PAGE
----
The Playbook For The Modern Man

Sydney Rolex Listing Highlights Counterintuitive Approach To Watch Valuations

Paper over patinas?

Any watch collector worth their salt is sure to have a Rolex or two in their collection. Basically a by-word for horological excellence and luxury, Rolex watches are incredibly desirable, and unlike many other watches (or indeed, many other luxury investments) tend to appreciate – some wildly so. Even people not really into watches know what Rolexes are, and want to snap them up.

But the contrasting valuations of these two 70s Rolexes on sale in Sydney are sure to bewilder any rookie collector.

This pair of ‘Pepsi’ GMT Master IIs (ref. 1675) on Vintage Watch Co.’s online storefront both feature a coveted ‘long E’ matte black dial, period ‘Oyster’ bracelets and look absolutely stunning, but where one has but a slightly worn bezel (not surprising seeing as it’s an almost 50-year-old watch) the others bezel is almost completely ‘ghosted’; sun-faded to a point where you can barely tell what colour it is any more.

But ironically it’s the faded ‘Pepsi’ that’s worth more than the unfaded one: the former commanding an asking price of A$33,500 compared to the latter’s A$26,500 – a $7,000 difference; enough to buy you a new TAG Heuer Carrera and have more than enough money left over for a coffee.

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To the untrained eye, this price difference seems absurd. Why would I need to pay more for the watch in worse condition?

Simple: the faded watch comes with ‘punched papers’ (that means that its warranty certificate was punched by the original Rolex dealer – a big plus for collectors), a letter from Rolex Canada dated 1972, a valuation document from 1994, and its original box. That’s about as good as you could hope for when it comes to vintage Rolexes.

In comparison, the unfaded watch can only be dated from its bracelet, which also is marked 1972 – but as bracelets are fairly easy to change, it’s not the same as having all your original papers. It does come with its original box and can be identified as a 70s model thanks to its dial and other features, but the provenance makes a big difference.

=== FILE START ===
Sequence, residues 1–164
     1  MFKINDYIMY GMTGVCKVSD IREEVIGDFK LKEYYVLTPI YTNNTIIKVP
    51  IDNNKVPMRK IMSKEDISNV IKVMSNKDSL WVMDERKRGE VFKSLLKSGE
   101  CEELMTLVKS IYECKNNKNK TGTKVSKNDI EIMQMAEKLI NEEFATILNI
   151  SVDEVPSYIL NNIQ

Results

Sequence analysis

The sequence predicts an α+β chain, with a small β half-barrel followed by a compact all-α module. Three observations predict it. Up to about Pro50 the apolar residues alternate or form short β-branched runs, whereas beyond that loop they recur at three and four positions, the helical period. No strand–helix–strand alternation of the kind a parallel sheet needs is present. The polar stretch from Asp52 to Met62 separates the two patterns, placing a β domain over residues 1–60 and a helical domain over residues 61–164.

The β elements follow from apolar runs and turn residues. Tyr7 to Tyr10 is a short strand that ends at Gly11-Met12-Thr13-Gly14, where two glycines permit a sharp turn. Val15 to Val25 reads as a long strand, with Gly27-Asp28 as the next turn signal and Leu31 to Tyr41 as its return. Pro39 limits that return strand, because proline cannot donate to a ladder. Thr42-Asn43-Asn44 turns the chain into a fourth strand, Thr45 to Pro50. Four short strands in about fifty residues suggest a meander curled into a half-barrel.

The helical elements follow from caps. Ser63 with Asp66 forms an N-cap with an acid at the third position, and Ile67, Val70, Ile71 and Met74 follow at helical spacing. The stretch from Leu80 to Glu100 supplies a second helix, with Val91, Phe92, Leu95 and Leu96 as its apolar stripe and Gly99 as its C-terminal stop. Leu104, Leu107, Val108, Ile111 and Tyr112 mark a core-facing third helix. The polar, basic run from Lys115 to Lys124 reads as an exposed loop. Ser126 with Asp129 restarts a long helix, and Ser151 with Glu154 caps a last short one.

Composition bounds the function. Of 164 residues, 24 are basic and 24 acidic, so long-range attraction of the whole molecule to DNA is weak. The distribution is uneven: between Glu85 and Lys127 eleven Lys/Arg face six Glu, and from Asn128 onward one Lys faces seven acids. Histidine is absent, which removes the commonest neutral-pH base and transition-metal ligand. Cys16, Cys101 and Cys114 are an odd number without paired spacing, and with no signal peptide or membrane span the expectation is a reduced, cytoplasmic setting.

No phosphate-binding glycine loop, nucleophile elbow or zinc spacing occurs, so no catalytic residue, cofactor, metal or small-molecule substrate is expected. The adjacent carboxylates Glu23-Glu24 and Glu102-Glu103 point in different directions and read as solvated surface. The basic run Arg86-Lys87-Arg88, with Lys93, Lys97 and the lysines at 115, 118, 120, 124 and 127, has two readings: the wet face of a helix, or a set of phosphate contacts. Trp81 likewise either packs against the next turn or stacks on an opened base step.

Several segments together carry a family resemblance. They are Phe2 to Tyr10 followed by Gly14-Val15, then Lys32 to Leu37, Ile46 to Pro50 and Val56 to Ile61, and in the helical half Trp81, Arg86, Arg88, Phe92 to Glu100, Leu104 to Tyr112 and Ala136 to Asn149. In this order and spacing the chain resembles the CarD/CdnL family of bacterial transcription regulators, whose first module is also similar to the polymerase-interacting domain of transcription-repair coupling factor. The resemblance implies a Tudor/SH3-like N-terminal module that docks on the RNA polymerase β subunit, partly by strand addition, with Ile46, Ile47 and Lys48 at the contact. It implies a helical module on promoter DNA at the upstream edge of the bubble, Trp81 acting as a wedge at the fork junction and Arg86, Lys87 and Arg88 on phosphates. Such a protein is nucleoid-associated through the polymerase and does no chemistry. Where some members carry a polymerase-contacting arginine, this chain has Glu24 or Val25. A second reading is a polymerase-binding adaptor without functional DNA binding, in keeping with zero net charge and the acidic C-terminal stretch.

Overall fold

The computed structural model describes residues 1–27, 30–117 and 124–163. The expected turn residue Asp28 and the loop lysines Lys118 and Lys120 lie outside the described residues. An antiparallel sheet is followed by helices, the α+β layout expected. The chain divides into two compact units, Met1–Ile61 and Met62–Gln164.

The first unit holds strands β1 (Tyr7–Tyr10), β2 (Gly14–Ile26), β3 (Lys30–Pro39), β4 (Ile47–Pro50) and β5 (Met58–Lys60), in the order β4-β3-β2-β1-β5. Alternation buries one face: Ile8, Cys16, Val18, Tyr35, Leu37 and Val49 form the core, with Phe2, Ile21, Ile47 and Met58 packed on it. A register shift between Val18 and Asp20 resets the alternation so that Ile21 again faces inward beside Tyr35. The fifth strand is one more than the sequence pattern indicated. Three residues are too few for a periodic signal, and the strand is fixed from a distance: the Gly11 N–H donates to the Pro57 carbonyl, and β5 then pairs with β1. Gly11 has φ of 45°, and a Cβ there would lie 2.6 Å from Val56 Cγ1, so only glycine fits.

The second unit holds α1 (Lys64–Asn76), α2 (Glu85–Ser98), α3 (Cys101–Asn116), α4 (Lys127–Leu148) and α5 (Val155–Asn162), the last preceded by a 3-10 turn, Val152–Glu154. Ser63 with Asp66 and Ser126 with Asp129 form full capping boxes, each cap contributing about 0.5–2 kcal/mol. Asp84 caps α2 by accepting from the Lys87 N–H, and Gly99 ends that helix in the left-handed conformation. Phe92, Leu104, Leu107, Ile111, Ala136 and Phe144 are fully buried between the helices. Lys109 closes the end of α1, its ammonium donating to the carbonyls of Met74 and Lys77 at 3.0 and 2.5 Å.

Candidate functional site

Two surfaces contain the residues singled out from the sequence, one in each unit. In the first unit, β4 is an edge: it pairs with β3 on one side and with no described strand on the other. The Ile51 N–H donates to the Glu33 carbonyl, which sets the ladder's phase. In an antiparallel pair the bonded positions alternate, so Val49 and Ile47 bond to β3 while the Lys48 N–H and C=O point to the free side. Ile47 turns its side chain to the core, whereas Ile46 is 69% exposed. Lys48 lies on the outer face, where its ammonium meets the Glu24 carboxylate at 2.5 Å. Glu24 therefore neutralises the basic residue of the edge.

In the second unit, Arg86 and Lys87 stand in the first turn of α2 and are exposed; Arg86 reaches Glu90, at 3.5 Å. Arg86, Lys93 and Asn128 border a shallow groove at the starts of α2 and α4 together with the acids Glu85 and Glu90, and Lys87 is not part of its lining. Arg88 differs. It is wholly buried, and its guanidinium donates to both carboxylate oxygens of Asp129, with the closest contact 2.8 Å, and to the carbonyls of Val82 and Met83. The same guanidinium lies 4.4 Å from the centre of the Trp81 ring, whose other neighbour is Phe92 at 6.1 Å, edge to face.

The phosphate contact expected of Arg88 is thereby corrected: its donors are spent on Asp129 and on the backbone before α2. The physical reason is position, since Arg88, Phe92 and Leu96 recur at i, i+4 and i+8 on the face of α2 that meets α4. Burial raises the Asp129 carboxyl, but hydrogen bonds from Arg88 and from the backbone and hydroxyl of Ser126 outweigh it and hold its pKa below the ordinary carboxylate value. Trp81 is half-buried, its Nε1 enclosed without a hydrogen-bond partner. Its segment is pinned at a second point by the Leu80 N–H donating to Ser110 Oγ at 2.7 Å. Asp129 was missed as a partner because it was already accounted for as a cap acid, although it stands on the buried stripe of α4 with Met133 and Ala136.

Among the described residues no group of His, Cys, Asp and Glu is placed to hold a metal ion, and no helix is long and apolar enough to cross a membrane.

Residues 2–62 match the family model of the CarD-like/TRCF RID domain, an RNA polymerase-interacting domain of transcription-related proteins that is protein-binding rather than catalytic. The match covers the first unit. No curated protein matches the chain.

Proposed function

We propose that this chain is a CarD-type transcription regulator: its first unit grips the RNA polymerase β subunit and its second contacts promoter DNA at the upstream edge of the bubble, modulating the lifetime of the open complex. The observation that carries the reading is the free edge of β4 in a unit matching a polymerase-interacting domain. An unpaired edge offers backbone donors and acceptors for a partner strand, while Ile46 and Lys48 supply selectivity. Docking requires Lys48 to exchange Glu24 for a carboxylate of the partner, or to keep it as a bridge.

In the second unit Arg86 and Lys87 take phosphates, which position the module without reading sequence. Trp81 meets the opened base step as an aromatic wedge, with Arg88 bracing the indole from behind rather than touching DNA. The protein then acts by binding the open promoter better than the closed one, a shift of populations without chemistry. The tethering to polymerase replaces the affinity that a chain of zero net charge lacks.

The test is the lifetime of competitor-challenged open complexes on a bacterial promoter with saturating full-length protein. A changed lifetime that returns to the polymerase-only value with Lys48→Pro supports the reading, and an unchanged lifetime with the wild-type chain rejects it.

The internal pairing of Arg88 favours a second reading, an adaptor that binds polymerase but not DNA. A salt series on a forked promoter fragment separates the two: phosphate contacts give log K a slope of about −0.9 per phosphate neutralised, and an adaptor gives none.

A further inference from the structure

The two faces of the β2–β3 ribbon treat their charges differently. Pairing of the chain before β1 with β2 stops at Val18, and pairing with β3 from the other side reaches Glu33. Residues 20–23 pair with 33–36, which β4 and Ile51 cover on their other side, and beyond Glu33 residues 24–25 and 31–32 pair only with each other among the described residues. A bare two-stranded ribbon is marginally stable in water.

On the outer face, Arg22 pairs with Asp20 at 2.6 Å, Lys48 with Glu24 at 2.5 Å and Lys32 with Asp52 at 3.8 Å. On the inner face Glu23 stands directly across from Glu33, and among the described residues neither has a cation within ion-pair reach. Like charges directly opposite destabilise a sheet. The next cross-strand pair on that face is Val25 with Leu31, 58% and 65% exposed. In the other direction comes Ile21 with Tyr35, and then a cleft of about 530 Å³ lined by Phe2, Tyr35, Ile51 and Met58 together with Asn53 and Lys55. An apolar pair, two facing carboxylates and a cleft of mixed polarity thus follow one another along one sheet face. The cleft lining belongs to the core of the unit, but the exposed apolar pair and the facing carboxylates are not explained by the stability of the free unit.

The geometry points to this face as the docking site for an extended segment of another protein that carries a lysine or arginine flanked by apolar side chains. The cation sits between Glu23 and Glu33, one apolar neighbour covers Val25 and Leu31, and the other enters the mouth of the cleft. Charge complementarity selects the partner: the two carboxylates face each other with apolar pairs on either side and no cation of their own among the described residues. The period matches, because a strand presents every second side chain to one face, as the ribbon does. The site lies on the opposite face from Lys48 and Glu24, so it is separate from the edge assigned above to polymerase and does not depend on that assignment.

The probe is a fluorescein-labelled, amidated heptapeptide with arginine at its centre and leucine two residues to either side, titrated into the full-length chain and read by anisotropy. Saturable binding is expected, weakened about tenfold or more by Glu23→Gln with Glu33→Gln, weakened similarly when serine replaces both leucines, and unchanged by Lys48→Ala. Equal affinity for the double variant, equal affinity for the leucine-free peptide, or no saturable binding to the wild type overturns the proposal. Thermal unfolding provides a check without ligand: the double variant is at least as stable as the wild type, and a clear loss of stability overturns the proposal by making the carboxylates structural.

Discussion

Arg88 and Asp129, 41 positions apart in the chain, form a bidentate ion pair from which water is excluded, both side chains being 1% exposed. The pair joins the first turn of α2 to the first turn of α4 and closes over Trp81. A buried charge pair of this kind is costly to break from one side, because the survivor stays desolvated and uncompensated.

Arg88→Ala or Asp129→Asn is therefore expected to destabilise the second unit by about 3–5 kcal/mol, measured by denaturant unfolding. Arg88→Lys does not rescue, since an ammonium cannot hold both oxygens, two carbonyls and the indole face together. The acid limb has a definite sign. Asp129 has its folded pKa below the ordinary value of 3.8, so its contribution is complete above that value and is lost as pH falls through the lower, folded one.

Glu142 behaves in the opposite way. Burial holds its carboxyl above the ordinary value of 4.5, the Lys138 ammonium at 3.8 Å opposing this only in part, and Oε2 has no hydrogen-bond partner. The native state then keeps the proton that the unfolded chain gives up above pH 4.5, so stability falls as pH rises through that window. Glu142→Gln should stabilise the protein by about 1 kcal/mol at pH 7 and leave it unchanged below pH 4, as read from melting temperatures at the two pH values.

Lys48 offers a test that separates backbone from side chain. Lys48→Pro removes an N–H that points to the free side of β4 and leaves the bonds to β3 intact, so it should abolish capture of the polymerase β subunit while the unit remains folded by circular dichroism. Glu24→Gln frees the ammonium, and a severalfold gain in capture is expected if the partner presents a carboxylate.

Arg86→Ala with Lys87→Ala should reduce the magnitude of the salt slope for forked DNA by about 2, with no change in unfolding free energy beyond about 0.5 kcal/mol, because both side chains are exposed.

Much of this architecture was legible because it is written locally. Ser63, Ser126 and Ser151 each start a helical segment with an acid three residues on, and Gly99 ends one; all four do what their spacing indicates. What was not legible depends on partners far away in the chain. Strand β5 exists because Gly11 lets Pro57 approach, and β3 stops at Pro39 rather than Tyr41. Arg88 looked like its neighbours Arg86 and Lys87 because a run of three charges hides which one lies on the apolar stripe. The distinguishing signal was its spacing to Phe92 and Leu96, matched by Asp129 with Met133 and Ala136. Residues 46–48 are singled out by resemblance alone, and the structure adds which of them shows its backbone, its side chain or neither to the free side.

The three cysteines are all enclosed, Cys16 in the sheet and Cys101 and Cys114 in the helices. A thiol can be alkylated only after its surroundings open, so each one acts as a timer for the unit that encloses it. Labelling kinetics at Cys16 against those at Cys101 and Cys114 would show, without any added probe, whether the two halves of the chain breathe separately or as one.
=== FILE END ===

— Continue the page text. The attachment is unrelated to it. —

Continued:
In fact, leaving aside provenance, the faded watch could still be considered more valuable than the unfaded, precisely because it’s so worn.

One of the main reasons people collect vintage watches instead of going out and buying new ones is because they tell a story. The faded dial says that it’s been worn out in the sun, yet has been well maintained. Well-loved, is a more appropriate description. Despite how good fake watches have become, you can’t fake that sort of wear; that sort of history. Guitars attract a similar sort of valuation and are another useful case study for this phenomenon.

Take these three examples of the classic Gibson Les Paul, one of the most popular electric guitars ever made. A new ‘Les Paul Standard 60s’ (basically, a new guitar modelled after the version of the Les Paul sold in the 60s) costs US$2,500. Gibson also sell a ’60th Anniversary 1960 Les Paul Standard’ – which again is a new guitar, but rather than simply being modelled after a vintage Les Paul, uses period-correct electronics and is ‘aged’ from the factory in order to resemble a real 60s Les Paul. It costs US$6,500.

Then, compare those prices to this genuine 1960 Les Paul Standard, currently being sold alongside its original hard-shell case by Seattle-based vintage guitar dealers Emerald City Guitars for a whopping $179,950.

‘Factory aging’ is a big business in the guitar world, precisely because people actually desire the wear-and-tear of a vintage guitar. The watch world’s no stranger to this either – bronze watches have become incredibly popular in recent years, such as the Panerai Submersible Bronzo 47mm, precisely because bronze will naturally and quickly develop a noticeable patina, particularly when exposed to sea water.

But like both these Les Pauls and GMT Master-IIs reveal, there’s no substitute for the real deal – especially for collectors.

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